The Sensational 70s
starring Richard Nixon, Patty Hearst, the Son of Sam
MPI Home Video
Before the advent of VH-1’s hip nostalgia programming, Americans under the legal voting age were forced to learn about previous decades via boring documentaries screened in their high school history classes. The Sensational 70s is one such documentary. In fact, I’m fairly certain I watched at least part of this 10-hour epic when I was in high school. You don’t realize how vital Michael Ian Black’s snark is until you’re forced to endure a history lesson without him.
There is little information on the box, or in the press release accompanying it, about who originally produced The Sensational 70s. I can tell you it was made in 1980, although the picture and sound quality suggest the creators were using equipment from 1960. The whole affair is painfully pre-MTV; often, minutes of raw footage go by without an edit or narration, and clumsy musical montages pad out the fluffier news items (they really build you up to the hair singing trend, let me tell you). Adding to the aggravation is how certain intriguing stories, such as the mystery of D.B. Cooper, are merely glossed over in favor of the aforementioned fluff. Hearing fashion pundits weigh in on the “death” of the miniskirt is amusing, but why does it get more time than the greatest skyjacking in American history?
If this documentary holds any relevance or interest in today’s world, it’s only because of the brief person-on-the-street interviews seemingly culled from local newscasts and cut into the otherwise-dull proceedings. Joe and Jane Average sound off on every hot ’70s issue; you’ve got college kids trying to imagine combat in Vietnam, old fogies complaining about busing, and third graders waxing philosophical on Watergate (“[This] proves that the President is not holy,” says one tot). As usual, it’s these unrehearsed bits with the non-newsmakers that provide the most entertainment. None are quite as witty as Stuart Scott, but you can’t beat their honesty.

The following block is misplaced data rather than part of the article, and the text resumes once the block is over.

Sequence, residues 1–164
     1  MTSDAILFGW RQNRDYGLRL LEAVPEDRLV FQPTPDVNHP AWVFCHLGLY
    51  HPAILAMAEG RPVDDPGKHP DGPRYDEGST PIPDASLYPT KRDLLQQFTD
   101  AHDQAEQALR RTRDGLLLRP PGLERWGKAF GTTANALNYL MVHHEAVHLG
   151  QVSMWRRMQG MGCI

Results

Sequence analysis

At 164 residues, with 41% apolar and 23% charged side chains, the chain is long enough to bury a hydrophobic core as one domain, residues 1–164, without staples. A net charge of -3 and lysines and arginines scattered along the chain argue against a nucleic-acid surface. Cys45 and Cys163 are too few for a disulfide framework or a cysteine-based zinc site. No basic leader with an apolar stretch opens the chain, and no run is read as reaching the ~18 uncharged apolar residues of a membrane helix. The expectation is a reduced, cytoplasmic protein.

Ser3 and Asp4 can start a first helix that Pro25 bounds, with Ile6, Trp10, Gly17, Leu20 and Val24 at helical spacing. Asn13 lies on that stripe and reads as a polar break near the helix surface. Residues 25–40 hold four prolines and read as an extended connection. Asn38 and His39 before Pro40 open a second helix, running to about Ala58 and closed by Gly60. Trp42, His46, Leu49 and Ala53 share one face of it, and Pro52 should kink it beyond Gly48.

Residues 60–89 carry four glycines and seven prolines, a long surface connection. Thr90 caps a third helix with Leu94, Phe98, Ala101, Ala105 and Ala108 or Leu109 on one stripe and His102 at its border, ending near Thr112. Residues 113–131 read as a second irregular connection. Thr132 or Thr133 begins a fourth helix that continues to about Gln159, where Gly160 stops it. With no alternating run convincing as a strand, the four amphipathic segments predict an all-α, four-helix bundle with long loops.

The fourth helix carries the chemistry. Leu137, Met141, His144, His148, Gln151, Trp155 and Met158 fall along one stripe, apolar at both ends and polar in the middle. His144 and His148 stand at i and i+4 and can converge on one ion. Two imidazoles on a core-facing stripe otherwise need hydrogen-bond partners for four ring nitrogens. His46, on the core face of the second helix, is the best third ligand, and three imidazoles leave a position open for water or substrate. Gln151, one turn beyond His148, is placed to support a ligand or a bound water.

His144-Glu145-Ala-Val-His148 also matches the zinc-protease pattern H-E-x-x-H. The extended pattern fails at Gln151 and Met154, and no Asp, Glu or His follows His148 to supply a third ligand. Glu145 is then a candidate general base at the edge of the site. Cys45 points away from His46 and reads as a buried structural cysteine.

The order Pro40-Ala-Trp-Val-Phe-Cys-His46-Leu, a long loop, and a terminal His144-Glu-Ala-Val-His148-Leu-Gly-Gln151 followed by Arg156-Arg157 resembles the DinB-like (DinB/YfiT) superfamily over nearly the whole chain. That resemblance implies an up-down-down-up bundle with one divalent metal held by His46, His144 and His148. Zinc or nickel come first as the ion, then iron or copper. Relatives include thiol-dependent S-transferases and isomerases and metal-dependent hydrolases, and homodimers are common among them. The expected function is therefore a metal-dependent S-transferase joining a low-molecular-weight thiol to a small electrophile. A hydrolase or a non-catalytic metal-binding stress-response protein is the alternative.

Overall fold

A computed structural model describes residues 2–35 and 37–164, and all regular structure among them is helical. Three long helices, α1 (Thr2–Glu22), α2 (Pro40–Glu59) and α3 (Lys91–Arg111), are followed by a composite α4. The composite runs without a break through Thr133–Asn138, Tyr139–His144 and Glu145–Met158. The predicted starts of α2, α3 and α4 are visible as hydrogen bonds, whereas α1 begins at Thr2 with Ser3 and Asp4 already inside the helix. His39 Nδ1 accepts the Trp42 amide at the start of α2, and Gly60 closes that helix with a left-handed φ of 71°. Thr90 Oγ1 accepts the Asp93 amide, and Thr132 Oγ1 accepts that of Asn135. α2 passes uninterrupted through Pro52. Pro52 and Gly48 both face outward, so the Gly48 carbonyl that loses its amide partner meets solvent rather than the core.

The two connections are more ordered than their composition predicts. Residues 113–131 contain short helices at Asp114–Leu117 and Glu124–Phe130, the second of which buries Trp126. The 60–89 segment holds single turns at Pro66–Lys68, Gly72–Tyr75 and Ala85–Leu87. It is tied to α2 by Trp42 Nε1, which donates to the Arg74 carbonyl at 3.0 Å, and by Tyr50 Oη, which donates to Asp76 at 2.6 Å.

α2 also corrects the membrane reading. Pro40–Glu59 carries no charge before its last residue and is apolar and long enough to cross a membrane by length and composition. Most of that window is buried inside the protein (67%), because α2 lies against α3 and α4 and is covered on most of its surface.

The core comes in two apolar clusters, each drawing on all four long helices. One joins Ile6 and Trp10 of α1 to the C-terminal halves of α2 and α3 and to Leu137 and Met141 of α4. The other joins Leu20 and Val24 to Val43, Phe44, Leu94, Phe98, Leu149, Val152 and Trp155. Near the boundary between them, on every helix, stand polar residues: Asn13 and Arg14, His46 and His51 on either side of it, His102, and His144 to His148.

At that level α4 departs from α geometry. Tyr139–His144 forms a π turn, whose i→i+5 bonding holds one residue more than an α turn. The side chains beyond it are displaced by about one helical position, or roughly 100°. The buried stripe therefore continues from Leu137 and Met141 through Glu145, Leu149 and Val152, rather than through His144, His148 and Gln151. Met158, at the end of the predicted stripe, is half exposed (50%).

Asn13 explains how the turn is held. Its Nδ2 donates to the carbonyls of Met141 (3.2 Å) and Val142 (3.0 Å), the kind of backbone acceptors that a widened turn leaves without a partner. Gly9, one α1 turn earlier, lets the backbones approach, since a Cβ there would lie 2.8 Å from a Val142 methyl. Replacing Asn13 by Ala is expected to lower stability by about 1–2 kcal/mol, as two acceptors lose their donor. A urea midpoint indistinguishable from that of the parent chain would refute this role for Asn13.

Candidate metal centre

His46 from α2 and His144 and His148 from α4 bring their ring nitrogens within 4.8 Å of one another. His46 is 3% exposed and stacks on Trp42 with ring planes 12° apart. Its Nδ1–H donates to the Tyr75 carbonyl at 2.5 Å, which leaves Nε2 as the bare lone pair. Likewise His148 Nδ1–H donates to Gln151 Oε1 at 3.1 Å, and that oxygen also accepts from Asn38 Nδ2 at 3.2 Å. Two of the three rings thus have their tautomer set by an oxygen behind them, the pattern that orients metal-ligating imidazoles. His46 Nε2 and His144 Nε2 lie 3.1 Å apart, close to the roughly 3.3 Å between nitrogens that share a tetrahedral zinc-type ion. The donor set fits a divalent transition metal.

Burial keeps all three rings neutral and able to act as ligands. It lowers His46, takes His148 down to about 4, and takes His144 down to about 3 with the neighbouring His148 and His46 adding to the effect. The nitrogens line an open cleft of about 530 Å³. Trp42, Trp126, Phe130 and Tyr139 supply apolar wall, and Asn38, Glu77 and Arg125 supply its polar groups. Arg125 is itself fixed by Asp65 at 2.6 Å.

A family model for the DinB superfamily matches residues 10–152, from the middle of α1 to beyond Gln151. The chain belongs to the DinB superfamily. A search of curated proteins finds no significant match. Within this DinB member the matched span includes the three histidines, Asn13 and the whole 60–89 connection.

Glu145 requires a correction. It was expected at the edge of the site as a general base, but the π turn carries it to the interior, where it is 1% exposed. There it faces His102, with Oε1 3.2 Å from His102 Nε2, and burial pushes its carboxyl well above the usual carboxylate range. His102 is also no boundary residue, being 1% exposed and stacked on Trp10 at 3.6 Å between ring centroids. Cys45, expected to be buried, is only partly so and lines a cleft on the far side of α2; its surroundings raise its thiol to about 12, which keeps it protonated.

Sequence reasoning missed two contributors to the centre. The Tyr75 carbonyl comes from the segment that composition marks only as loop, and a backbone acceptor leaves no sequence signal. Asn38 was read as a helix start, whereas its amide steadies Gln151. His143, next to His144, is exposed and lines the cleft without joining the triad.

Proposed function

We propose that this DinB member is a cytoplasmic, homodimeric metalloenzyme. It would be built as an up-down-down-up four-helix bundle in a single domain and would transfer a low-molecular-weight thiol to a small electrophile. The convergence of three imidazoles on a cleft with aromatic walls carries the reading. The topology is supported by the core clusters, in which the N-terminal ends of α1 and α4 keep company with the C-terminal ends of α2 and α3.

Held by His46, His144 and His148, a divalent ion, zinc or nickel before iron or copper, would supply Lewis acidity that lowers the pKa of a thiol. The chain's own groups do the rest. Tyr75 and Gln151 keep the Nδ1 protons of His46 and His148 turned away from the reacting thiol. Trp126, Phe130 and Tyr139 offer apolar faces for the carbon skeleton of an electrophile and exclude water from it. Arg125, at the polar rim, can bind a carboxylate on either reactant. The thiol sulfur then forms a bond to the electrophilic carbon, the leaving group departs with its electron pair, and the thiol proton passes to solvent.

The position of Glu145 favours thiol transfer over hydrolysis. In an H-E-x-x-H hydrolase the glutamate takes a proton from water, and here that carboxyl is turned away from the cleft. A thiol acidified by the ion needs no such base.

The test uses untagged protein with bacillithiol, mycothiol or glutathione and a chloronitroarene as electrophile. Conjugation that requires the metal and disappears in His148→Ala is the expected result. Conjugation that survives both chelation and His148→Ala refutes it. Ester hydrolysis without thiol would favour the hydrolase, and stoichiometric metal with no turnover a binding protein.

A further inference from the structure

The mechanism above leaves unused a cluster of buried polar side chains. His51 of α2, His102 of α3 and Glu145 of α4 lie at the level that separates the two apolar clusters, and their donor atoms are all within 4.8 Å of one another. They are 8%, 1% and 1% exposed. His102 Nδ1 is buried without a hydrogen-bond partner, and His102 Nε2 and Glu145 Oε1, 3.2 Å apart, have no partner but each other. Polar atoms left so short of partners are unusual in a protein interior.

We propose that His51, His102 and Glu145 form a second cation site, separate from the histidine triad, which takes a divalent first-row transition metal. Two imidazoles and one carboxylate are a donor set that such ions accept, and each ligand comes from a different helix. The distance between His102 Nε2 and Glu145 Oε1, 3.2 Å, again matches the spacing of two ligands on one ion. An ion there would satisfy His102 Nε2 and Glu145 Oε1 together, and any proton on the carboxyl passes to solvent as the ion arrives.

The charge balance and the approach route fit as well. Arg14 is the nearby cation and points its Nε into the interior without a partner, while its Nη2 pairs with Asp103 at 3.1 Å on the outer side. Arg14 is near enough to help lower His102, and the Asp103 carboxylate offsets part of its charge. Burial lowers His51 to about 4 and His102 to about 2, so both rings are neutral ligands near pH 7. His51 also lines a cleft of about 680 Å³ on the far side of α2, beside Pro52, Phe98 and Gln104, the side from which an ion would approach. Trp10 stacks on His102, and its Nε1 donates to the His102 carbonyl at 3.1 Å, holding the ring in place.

There are no extras on this four-disc set, which is just as well. Ten hours of poorly executed “Me Decade” rehash is enough to kill whatever bored high schooler is left inside of you. Your eyes will be wandering up to the clock on the wall as you tap your pencil, wondering when the damn bell will ring so you can go to lunch and ask Jenny if she asked Kate to find out who her sister Mary is going with to the dance so you can think about maybe asking her already so long as she’s not still with that jerk Steve — that is, if you don’t drift off into sopor first and start drooling on your desk.